SPAY-NEUTER FUND: Andy Brownfield of the Washington Examiner reports that the Maryland Senate passed a bill Thursday that would help reduce the state’s exploding pet population by creating a fund to pay for the spaying and neutering of cats and dogs, though opponents worry it puts the burden of that payment on small businesses.

Save the date adCAMPAIGN FINANCE REFORM: A major campaign finance reform bill cleared the House of Delegates Thursday, and a Senate version of the bill is now being considered in committee, reports Ilana Kowarski for MarylandReporter.com. The bill would increase campaign contribution limits and stiffen penalties for those who fail to disclose their contributions. It was unanimously passed by the House of Delegates.

DISTRACTED DRIVING: According to an AP story in the Hagerstown Herald-Mail, the Maryland House of Delegates passed a measure Thursday to strengthen laws against distracted driving. The House voted 106-29 to make talking on a handheld cellphone while driving a primary offense. That means a police officer could pull a driver over if observed talking on a cellphone.

SOCIAL MEDIA PRIVACY BILL: A bill that would bar school officials from demanding access to student social media accounts passed the state Senate on Thursday with a unanimous vote, Bethany Rodgers writes for the Frederick News-Post.

BAKER ED TAKEOVER MOVES TO SENATE: A bill allowing Prince George’s County Executive Rushern Baker to take over the county school system moved from the Maryland House to the Senate on Thursday, bringing the controversial proposal one step closer to a final decision as the legislative session winds down, writes Matt Connolly for the Washington Examiner.

Various groups plan to rally for Saturday’s House hearing on the proposal by Prince George’s County Executive Rushern Baker to put the school system directly under his control, writes Jamie Afenson-Comeau in the Gazette.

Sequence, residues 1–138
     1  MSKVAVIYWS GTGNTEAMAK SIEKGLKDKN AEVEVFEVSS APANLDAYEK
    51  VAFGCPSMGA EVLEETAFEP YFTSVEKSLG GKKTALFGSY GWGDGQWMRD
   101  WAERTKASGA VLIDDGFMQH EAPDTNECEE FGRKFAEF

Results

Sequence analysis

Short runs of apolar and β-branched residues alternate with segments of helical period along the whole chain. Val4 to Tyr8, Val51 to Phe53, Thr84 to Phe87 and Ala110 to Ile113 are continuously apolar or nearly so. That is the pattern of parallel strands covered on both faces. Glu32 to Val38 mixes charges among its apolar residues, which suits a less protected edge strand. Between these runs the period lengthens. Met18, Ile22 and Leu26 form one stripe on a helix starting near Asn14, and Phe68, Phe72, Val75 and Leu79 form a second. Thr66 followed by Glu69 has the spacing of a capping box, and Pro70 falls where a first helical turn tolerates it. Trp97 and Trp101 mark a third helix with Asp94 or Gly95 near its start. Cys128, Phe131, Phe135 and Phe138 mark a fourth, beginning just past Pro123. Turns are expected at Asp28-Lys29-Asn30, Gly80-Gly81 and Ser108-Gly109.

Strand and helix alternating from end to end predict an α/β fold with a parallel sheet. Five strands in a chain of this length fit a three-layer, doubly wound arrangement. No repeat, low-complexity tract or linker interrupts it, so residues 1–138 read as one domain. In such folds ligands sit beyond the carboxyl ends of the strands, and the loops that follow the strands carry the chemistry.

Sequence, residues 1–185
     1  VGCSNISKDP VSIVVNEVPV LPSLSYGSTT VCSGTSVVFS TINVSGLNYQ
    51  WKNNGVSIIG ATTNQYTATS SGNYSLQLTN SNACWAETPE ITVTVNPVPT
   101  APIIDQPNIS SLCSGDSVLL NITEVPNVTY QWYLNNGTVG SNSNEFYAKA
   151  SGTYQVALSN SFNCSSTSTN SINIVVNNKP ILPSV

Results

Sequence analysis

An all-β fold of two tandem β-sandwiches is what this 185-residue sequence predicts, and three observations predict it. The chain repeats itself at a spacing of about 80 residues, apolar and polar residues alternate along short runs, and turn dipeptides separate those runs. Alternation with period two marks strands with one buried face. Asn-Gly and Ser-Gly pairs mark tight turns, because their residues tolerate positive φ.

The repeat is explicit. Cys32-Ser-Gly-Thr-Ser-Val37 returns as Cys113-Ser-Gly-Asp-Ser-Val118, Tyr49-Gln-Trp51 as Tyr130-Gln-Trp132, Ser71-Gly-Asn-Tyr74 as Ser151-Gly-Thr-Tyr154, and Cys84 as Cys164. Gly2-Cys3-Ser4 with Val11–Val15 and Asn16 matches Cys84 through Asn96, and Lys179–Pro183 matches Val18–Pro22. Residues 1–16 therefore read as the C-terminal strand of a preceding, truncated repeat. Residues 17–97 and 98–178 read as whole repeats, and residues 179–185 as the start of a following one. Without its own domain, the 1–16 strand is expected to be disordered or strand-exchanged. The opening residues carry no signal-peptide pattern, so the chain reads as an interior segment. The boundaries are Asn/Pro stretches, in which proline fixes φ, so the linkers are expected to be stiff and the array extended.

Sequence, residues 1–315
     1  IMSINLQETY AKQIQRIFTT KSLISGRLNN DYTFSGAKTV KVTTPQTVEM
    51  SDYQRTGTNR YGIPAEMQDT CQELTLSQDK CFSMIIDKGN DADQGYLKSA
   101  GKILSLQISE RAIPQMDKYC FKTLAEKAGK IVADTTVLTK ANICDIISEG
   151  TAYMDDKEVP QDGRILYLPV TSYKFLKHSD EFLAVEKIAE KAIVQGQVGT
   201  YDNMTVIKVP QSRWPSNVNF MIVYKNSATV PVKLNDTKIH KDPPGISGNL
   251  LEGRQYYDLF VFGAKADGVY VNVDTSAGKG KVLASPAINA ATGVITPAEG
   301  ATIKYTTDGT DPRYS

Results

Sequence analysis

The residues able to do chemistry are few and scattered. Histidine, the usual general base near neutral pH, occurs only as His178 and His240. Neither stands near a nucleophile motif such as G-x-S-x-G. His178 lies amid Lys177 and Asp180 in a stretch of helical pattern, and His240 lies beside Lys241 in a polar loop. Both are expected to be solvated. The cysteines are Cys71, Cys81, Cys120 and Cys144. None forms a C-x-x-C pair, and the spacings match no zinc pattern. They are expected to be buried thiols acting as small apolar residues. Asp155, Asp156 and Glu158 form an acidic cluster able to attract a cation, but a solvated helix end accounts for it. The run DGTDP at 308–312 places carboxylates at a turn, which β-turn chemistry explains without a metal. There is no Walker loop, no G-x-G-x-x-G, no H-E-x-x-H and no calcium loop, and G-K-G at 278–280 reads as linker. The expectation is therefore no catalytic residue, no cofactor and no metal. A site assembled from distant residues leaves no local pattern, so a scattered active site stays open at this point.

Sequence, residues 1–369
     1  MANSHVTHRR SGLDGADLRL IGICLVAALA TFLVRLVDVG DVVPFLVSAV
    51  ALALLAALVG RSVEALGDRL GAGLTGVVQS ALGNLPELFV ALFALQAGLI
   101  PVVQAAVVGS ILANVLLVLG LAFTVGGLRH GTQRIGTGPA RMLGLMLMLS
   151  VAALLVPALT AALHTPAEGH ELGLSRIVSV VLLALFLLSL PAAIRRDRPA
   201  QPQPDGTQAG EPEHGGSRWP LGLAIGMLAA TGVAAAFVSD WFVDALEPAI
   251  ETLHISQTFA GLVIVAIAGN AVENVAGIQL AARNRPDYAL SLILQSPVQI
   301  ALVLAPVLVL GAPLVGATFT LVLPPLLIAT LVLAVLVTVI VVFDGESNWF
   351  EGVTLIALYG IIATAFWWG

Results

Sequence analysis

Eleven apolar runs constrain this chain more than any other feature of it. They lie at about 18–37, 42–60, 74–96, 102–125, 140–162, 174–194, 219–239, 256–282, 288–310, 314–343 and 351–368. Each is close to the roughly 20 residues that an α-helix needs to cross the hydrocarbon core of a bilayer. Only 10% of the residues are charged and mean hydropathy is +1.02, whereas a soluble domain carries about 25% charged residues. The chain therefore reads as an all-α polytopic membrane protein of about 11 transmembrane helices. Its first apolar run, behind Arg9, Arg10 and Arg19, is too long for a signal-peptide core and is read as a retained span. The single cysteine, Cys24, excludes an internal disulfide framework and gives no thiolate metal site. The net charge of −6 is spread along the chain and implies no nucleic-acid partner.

HO CO STORMWATER FEE: If the Howard County Council again tables legislation on a state mandated stormwater fee, it may put it one year behind in meeting its stormwater mandates, but isn’t expected to bring a penalty from the state, writes Blair Ames for the Howard County Times.

DINO PARTY SWITCH? Del. Don Dwyer said in an email to his Republican colleagues in the State House that he is mulling a change of party to help save the Democratic Party and rid it of the “hard left liberals,” Rick Hutzell reports for the Capital-Gazette. According to a website for the Freestate DINOs, members of the campaign are urging Republicans to switch parties to vote in the Democratic primaries in what Dwyer predicted would be a “devastating blow” to Democratic strongholds.

2nd SIMONAIRE IN STATE HOUSE? The daughter of state Sen. Bryan Simonaire is considering a run for a District 31 seat in the House of Delegates in 2014. Meagan Simonaire announced in a press release late Thursday she is creating an exploratory committee in the wake of rumors that Del. Steve Schuh could be running for county executive and Del. Don Dwyer’s possible desire to switch to the Democratic Party, Alex Jackson reports in the Capital-Gazette.

TUBMAN MONUMENT: President Barack Obama will sign a proclamation Monday creating a Harriet Tubman Underground Railroad National Monument on the Eastern Shore, a designation long sought by advocates and a bipartisan group of lawmakers, reports John Fritze for the Sun.

REFERENDUM BILLS: Legislation changing requirements for petitions have yet to move out of committees, meaning the same rules could apply this year to potential referendum drives on the death penalty and gun control as brought three measures to the ballot last year, Holly Nunn reports in the Gazette.

NOTEBOOK: The Gazette’s Reporters Notebook has items on Marvin Mandel; hot bills; Mike Busch’s shoes; and non-native intruders.